The importance of glass quality and reliability on board
TILSE explores some of the key issues with superyacht glass installations, and the most effective ways to mitigate them……
In order to create dramatic panoramas and deeper connections with the external marine environment, superyacht owners and designers are specifying bigger and more complex windows on board. As these glass surfaces become a more prominent feature on board, however, the expectations in terms of optical quality and long-term reliability increase. As a result of this, yacht glazing solutions supplier and producer TILSE is observing an uptick in the number of clients asking for help to rectify problems with their windows on board.
“We are receiving more and more enquiries from older yachts – between eight and ten years old – where the glass on board has started to delaminate,” reveals Henning von der Thüsen, managing director at TILSE. “Not only does it not look good, but delaminated glass poses a safety risk and must be changed due to class and flag state requirements. This can be a shock for many clients because the reliability of glass is often expected to be endless.”
Delamination of glass window
As superyachts are exposed to extreme environmental conditions, including UV light, high temperature differences and humidity, the ageing of materials can be accelerated. In the instance of glass on board – for which compound safety glass consisting of two or more layers laminated together is required – the industry standard compound material PVB Foil is very vulnerable to humidity, and this vulnerability is a key cause of delamination.
“Our glass does not use PVB Foils as a compound material because there is no foil on the market that is 100 per cent humidity resistant,” adds von der Thüsen. “Instead, we developed a special adhesive resin, TFG, which is humidity resistant and very reliable, thus mitigating the effect of delamination due to humidity.” Thanks to its unique adhesive technology, TILSE is experiencing high demand from refit projects where delamination has occurred (even on yachts with as little as four years in operation).
While clients value the long-term durability of glass on board, they also place great importance on the optical quality. Caused by a lack of quality control in the production process, optical distortion is another issue prevalent in glass installed on board superyachts and typically occurs on curved glass surfaces but can occur on plane windows also. As distortion results in deformations to the view through the glass, clients are increasingly requesting distortion-free windows. Achieving this is becoming more and more challenging due to the increasingly extravagant designs that push, and sometimes exceed, the limits of what is materially and physically possible.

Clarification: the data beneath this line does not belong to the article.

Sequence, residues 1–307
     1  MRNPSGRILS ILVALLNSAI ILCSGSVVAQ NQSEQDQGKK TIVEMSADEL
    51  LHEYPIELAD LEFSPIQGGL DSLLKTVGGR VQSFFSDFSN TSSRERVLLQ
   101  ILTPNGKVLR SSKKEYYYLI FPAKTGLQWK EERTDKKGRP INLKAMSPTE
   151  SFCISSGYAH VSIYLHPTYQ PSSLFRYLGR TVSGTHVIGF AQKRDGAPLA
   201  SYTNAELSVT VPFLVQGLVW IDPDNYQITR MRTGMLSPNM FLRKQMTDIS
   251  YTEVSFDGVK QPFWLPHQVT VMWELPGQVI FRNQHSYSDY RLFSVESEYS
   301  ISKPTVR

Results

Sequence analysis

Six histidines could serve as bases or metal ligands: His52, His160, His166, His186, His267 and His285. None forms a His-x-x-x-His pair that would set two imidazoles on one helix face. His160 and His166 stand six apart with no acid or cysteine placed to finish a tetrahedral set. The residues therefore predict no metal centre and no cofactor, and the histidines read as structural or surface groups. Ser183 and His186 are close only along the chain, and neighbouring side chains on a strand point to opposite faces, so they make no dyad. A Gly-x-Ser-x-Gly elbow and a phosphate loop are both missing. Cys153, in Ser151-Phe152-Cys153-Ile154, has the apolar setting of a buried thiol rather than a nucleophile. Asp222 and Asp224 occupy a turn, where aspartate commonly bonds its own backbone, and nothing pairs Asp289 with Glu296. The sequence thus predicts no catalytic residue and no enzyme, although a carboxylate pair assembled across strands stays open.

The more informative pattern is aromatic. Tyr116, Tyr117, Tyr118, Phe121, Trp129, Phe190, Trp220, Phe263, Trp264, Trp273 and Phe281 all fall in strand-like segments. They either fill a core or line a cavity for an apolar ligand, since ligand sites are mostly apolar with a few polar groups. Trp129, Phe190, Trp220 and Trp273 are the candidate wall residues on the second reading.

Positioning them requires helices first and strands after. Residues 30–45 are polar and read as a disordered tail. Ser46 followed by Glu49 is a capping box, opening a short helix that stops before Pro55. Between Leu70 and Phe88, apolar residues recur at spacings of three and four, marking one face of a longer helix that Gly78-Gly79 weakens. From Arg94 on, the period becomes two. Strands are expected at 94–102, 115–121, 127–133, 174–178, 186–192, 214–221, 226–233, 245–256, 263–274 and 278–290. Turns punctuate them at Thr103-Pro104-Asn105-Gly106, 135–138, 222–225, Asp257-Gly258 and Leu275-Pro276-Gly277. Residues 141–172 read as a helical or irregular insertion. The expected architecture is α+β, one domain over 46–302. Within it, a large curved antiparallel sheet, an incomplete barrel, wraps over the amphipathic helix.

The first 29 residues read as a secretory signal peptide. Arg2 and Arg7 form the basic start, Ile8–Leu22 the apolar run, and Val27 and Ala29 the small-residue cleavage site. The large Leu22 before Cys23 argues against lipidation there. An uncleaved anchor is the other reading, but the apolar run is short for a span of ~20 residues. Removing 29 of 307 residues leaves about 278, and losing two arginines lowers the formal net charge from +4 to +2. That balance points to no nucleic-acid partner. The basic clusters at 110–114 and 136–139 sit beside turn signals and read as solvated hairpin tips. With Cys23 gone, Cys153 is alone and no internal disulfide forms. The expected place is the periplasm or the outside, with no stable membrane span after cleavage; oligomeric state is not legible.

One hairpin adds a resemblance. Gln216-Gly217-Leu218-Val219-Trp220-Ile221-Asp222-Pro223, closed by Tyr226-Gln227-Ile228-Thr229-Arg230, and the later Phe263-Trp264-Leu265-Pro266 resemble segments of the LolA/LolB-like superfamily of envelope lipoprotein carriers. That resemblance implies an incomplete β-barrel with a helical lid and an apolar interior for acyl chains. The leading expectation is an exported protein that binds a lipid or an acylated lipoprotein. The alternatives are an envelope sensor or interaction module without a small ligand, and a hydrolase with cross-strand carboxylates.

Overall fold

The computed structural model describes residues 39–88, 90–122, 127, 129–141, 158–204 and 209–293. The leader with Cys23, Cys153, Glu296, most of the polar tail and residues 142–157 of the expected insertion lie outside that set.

To maximise the optical quality of its products, TILSE implements stringent measures during the production process. “We carefully select the raw materials and have intensive quality controls at each step of production to ensure there are no imperfections,” explains von der Thüsen. “If we do find any imperfections at any stage, the glass will be rejected. Some clients request a factory acceptance test to check the glass fulfils their expectations, which we are also happy to accommodate.”
As superyacht designs incorporate increasingly extravagant window arrangements on board, the reliability and optical quality of these glass surfaces will be ever more important. With its innovative compound technology and meticulous production processes, TILSE is paving the way for the future of superyacht glazing solutions, in terms of both safety and aesthetics.
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